Not Your Typical Dog Next Door
Canines, the new normal at many retail centers
- By Glen Kucera
- Jul 27, 2023
According to the National Retail Federation, nearly 60% of retail security executives report concerns with the rise in mass violence and active assailants over the last five years. This growing threat presents a risk that endangers consumers, staff and brands. To address these potential threats, retail management are increasingly deploying canine security teams trained to detect firearms.
As highly trafficked, accessible sites, retail centers are particularly vulnerable since they are open to the public sometimes 15 hours a day with no requirements for security sign-ins “at the door.” The deployment of firearm detection canine teams serves as a visible deterrent to prevent and reduce crime at retail sites. These highly trained teams of handlers and dogs are responsible for helping to keep thousands of shoppers, employees and vendors safe by effectively detecting various materials unique to firearms such as ammunition, cleaning solvents, oils, holster materials and other related odors.
For these canines, imprinting begins early to identify scents specific to firearms. A professionally trained firearm detection dog will successfully sniff out separate odors and passively “sit” alerting the security handler of a threat, even if the gun has never been loaded or previously fired in the last six months. Firearm detection canines are also trained in odor tracking so they can identify a firearm on a moving person and follow the scent to the source, even in crowded venues.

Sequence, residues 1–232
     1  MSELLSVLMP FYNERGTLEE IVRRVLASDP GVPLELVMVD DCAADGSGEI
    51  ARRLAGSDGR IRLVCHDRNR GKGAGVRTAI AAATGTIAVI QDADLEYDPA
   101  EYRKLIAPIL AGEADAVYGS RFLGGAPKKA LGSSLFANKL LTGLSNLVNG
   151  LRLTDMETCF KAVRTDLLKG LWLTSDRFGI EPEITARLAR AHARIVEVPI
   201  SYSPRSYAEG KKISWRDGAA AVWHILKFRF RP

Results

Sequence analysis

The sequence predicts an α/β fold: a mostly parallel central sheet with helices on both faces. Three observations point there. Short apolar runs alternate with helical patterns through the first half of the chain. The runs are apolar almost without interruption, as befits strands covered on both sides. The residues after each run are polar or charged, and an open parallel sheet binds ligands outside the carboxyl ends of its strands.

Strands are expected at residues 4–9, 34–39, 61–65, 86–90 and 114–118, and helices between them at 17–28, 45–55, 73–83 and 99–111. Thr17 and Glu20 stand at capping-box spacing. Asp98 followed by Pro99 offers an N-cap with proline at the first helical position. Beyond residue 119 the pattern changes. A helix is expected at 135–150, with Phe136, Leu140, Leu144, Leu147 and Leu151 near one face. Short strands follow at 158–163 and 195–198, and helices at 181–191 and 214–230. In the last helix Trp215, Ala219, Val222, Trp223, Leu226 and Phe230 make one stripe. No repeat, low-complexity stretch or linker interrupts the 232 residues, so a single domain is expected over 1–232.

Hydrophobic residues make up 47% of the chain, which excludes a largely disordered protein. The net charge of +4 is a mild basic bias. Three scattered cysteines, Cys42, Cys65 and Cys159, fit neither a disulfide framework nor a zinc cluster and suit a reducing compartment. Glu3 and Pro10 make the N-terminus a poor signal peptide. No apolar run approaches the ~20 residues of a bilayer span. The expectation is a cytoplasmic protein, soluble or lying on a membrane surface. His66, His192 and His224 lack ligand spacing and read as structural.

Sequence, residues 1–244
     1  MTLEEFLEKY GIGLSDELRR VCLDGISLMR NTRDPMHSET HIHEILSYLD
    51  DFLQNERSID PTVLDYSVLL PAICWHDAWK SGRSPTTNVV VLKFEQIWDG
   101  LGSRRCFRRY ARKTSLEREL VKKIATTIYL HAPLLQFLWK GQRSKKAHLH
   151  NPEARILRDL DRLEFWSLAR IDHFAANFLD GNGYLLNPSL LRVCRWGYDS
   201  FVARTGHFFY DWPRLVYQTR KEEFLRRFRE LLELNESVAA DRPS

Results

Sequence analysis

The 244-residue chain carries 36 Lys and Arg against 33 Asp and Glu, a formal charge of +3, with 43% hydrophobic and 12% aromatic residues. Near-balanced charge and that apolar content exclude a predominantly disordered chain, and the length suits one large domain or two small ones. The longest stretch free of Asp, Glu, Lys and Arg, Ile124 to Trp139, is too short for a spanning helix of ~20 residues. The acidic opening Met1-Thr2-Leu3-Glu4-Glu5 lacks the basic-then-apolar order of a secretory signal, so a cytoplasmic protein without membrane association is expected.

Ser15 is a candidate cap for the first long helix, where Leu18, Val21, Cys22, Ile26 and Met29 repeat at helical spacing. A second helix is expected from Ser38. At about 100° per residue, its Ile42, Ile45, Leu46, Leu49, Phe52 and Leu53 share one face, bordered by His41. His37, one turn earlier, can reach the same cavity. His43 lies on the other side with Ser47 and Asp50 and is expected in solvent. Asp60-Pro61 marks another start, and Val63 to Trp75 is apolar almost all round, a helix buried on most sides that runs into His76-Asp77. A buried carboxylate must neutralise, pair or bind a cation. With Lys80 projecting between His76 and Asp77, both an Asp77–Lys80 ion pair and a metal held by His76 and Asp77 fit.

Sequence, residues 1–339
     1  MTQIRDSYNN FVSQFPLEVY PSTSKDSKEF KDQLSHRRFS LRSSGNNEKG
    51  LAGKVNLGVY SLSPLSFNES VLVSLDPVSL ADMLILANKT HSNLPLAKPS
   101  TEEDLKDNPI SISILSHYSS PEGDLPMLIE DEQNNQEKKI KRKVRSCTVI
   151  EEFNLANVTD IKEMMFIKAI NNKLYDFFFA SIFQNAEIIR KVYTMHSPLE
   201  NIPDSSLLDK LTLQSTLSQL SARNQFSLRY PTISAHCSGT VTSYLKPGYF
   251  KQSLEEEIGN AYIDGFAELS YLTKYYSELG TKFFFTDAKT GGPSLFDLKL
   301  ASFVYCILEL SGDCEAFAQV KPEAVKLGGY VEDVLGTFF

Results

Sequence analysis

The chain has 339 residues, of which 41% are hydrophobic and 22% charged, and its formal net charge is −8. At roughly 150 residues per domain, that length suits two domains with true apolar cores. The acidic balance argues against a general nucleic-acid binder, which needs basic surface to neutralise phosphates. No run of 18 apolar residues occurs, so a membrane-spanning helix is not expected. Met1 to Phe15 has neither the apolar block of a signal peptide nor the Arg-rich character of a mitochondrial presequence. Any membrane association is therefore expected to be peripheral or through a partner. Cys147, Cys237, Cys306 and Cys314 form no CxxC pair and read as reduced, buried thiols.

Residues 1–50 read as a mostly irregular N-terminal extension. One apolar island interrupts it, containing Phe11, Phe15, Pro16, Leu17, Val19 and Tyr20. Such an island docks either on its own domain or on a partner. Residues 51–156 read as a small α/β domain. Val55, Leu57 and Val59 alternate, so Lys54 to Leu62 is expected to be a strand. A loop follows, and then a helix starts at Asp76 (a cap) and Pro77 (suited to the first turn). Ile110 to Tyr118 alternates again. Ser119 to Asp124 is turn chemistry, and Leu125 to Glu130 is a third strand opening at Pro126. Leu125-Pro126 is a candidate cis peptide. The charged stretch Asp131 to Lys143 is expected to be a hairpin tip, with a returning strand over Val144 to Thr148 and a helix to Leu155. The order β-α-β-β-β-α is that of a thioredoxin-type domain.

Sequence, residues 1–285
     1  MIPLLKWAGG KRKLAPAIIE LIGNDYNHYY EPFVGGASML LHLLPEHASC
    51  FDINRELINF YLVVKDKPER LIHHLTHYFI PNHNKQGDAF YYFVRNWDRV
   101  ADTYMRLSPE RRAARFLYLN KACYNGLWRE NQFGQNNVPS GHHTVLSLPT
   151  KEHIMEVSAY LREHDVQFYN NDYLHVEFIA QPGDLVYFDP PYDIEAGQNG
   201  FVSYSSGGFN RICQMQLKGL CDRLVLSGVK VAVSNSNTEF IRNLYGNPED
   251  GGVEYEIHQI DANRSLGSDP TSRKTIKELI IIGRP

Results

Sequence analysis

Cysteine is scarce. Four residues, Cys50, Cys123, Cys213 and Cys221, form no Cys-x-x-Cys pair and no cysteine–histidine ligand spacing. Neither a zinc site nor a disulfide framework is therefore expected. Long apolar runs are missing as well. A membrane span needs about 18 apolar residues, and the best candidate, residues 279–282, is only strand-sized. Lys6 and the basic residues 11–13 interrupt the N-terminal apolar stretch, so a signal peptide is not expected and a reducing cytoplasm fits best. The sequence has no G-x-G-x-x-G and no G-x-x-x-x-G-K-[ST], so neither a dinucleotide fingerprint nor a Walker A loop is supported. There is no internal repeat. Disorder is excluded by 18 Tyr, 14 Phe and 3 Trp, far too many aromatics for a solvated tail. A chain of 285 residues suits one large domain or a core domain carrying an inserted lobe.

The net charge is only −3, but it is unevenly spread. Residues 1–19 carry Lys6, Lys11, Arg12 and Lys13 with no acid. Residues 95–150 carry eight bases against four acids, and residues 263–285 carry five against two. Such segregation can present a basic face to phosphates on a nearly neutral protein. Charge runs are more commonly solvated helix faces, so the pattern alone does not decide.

A typical day for a firearm detection canine team is busy and active. They patrol a mall or shopping center against the flow of patron traffic, and as shoppers pass, the canine turns its head into the trail of the odor. If an odor unique to firearms is detected, the canine will turn and follow them.
In addition, canines can perform accurately without close contact, intrusive or invasive searches of individuals and are trained to operate in accordance with their handler’s direction.
For indoor settings, canines can effectively screen persons who are up to six to 10 feet away. In outdoor settings, canines will not alert on an odor unless they are actively searching, as directed by the handler. They also are trained to ignore the persistent scent associated with their handler’s firearm and are only rewarded when alerting to a weapon on another person, while actively searching.
Once a canine alerts on someone carrying a firearm, it is instructed to observe, or take an overwatch position, while that person is interviewed by the client.
Canines are acclimated to various weather types and are trained to effectively detect odors in a wide range of inclement weather conditions, such as rain, snow and excessive wind. They are highly-motivated to work and remain undeterred by adverse environments that might otherwise limit technology security solutions. In extreme conditions, handlers closely monitor their canine’s behavior, adjusting the pace of work to provide adequate rest in climate-controlled environments.
As the security and threat landscape evolves, it is important for businesses to continually review and evaluate their security plans and procedures to keep pace with their specific security needs. Adding firearm detection canine teams to an existing security strategy is an effective method to deter criminals and to detect the presence of harmful threats at retail sites.
Firearm detection canines, combined with security professionals, smart cameras and other security technology provide a comprehensive approach to the evolving risks and threats faced by retail centers each day.
Glen Kucera is the president of MSA Security, an Allied Universal company.